such mating surface, and slidably engaging such heated
6. A method of producing aluminum backed bronze
surfaces with each other without substantially disturb
bearings from preshaped aluminum and bronze compo
ing such preshaped dimensions of either component by
nents comprising heating a surface of the bronze com
bodily relatively moving such components while such sur~ 25 ponent to approximately the softening temperature of
faces are in contact with one another to bond such com
the ‘aluminum backing component, simultaneously cooling
ponents together.
the bronze component to con?ne the effect of such heat
2. A method of producing composite metal articles
ing to the heated surface thereof, slidably engaging such
heated surface with a surface of the aluminum backing
from dissimilar, 'bondable metal components, each com
ponent being dimensionally preshaped and having a mat 30 component, and simultaneously containing both compo
ing surface, which comprises heating such mating surface
nents in holding parts to prevent distortion of the compo
of the metal component having the higher melting point
nents while effecting a seizure between such surfaces and
to approximately the softening temperature of the other
thereby avoid altering the dimensions of such preshaped
components.
metal component without softening the former, simul
taneously cooling such former component to con?ne the 35
7. A method of producing composite metal strip from
eifect of such heating to such mating surface, relatively
preshaped strips of dissimilar, bondable metal which com
twisting andpressing together such heated surface with a
prises heating one face of the metal strip having a higher
surface of the other metal component, and simultaneous
ly with such twisting and pressing restricting distortion
of such components to bond such metal components to
melting point to a temperature su?icient to soften the
other metal strip without softening the former, simultane
40 ously cooling the heated strip to confine the heating
gether without upsetting the dimensions of the preshaped
components.
3. A method of producing composite tubular metal
bushings consisting of dissimilar, bondable metal compo
substantially to such face of the strip, slidably engaging
such heated face with a face of the other metal strip,
pressing the strips together simultaneously with such en
gagement to prevent distortion of such strips while ef
nents that are dimensionally preshape and have a sliding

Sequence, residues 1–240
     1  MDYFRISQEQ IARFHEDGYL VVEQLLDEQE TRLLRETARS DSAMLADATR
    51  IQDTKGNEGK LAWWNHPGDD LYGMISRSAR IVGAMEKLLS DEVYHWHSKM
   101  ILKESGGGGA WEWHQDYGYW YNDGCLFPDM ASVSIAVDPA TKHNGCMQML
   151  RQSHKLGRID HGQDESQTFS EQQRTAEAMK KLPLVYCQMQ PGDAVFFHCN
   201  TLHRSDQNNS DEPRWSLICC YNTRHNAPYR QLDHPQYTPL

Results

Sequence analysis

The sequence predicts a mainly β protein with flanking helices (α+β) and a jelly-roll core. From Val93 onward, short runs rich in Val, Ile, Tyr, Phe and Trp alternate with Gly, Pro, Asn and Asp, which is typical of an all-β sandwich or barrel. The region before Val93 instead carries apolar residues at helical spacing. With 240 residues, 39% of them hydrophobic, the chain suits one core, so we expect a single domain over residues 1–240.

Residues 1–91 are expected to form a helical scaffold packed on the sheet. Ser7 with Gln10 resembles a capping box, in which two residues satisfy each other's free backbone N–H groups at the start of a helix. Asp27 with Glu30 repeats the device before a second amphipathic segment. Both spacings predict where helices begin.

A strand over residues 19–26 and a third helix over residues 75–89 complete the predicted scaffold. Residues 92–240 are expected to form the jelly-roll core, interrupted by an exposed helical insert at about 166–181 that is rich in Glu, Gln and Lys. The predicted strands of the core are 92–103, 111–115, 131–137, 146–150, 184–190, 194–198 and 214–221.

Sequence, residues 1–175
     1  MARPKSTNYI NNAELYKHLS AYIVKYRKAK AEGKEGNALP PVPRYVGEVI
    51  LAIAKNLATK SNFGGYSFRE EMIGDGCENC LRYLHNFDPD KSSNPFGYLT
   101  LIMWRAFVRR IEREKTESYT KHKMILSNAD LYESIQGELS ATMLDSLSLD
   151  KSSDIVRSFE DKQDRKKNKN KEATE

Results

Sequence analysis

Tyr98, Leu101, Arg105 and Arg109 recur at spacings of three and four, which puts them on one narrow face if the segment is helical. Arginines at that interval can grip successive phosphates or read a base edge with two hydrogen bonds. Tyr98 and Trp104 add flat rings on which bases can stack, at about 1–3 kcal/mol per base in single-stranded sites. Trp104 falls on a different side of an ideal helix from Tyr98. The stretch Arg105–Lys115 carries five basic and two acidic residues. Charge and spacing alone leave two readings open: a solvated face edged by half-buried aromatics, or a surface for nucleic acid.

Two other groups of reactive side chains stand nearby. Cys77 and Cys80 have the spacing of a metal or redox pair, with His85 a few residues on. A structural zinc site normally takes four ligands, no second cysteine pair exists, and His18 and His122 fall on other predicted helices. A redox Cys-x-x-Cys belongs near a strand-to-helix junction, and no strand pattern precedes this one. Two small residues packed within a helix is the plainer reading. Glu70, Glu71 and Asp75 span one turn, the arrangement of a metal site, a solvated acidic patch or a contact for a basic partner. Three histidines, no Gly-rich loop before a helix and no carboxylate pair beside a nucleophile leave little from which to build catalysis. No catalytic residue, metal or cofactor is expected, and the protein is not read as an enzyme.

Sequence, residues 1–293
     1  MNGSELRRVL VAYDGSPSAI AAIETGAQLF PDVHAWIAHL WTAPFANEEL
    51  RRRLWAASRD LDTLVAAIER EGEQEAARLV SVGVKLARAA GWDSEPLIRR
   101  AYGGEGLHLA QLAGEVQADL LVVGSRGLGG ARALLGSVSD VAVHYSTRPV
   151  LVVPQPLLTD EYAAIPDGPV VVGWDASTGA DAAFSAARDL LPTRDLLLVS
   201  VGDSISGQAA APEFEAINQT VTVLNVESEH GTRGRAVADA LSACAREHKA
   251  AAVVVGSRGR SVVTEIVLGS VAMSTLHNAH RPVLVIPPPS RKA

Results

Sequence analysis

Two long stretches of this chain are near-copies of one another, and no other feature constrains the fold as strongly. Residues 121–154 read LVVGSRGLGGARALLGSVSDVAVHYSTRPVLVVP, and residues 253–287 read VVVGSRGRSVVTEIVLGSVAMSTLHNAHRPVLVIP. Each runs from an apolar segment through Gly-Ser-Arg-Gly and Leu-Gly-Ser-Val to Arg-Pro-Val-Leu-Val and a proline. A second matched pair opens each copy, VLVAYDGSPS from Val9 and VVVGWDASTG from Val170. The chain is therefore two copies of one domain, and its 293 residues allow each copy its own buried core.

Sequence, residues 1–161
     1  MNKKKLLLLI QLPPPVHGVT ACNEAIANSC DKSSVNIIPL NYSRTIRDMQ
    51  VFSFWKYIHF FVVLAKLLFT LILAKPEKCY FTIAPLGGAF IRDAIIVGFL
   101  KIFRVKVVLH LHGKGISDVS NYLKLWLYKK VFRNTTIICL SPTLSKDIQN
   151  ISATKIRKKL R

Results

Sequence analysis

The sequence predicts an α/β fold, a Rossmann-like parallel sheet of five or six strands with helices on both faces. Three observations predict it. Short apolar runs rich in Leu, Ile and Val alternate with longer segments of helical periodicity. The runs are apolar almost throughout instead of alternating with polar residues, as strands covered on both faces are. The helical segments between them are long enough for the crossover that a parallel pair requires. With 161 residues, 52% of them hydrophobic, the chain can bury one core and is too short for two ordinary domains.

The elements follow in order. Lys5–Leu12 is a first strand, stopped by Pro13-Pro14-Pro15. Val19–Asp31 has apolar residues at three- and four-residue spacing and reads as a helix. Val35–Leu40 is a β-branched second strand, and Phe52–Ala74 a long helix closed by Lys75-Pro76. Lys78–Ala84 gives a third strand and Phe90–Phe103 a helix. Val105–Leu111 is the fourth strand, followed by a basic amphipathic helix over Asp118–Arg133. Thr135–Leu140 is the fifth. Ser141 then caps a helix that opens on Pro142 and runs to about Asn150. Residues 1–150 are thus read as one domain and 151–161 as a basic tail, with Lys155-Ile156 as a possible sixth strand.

45 fecting a seizure between such faces of the strips and
telescopic ?t one within the other, which comprises heat
thereby avoid altering the preshaped size of the strips.
ing the telescoping surface of the metal component having
the higher melting point to approximately the softening
temperature of the mating telescoping surface of the other 50
metal component without softening the former, simul
taneously cooling such former metal component to con
fine the effect of such heating to the telescoping surface
thereof, slidably telescoping such components, and simul
taneously with such telescoping action containing the
components in holding parts to prevent distortion of such I
components while effecting a seizure between such tele
scoping surfaces and thereby avoid altering the size of
the metal bushing.
4. A method of producing composite tubular metal
bushings consisting of dissimilar, bondable metal compo
References {Fitted in the ?le of this patent
UNITED STATES PATENTS
427,924
787,742
1,220,772
1,449,200
1,624,501
1,661,448
2,003,625
2,007,221
Smith _______________ __ May 13,
Eigen ________________ __ Apr. 18,
Murray ______________ __ Mar. 27,
Shipman _____________ _._ Mar. 20,
Nelson ______________ __ Apr. 12,
Taylor _______________ __ Mar. 6,
Boyer ________________ __ June 4,
Smith ________________ __ July 9,
1890
1905
1917
1923
1927
1928
1935
1935
60 ‘2,032,685
2,060,034
nents that are preshaped and have a sliding telescopic ?t
2,094,495
Coe _________________ __ Mar. 3, 1936
Chandler ____________ __ Nov. 10, 1936
2,223,499
prises heating the telescoping surface and the abutting
?ange surface of the metal component having the higher 65 2,335,958
2,438,866
melting point to‘ approximately the softening temperature
2,450,339
of the corresponding telescoping surface and abutting
2,482,178
?ange surface of the other of such components without
2,503,429
softening the former component, engaging each compo
2,539,246
Schon ________________ __ Dec. 3, 1940
one within the other and abutting flanges, which com
nent with supporting means at a non-telescoping surface 70
to resist distortion of each component during a telescop
ing action, cooling the supporting means of the metal
component having the higher melting point to con?ne
the effect of such heating to the telescoping surface there
of, then telescoping the metal components to bond to 75
Robinson et al ________ __ Sept. 28, 1937
Parker ________________ __ I
cc. 7, 1943
Rockwell et a1 ______ __'___ Mar. 30, 1948
Hensel ______________ ___ Sept. 28, 1948
Harris ______________ __ Sept. 20, 1949
Ziegler _______________ __ Apr. 11, 1950
2,662,500
2,691,208
Hensel ______________ __ Jan. 23, 1951
Fort et al _____________ __ Dec. 15, 1953
Brennan _____________ __ Oct. 12, 1954
2,698,548
Sowter ________________ __ Jan. 4, 1955
2,707,821
Sowter ______________ _._ May 10, 1955
(@ther references on following page)
3,046,649
2,735,170
2,751,808
2,768,433
2,782,498
2,837,818
2,879,587
7
8
UNITED STATES PATENTS
FOREIGN PATENTS
Moifatt ______________ __ Feb. 21, 1956
711,742
Great Britain ___________ __ July 7, 1954
MacDonald et a1 _______ __ June 26, 1956
O’Donnell ____________ __ Oct.
Mushovic et a1. _______ __ Feb.
Storchheim __________ __ June
Mushovic et a1 ________ __ Mar.
30, 1956
26, 1957
10, 1958
31, 1959
OTHER REFERENCES
Ser. No. 292,740, Bernstorif et a1. (A.P.C.), published
July13, 1943.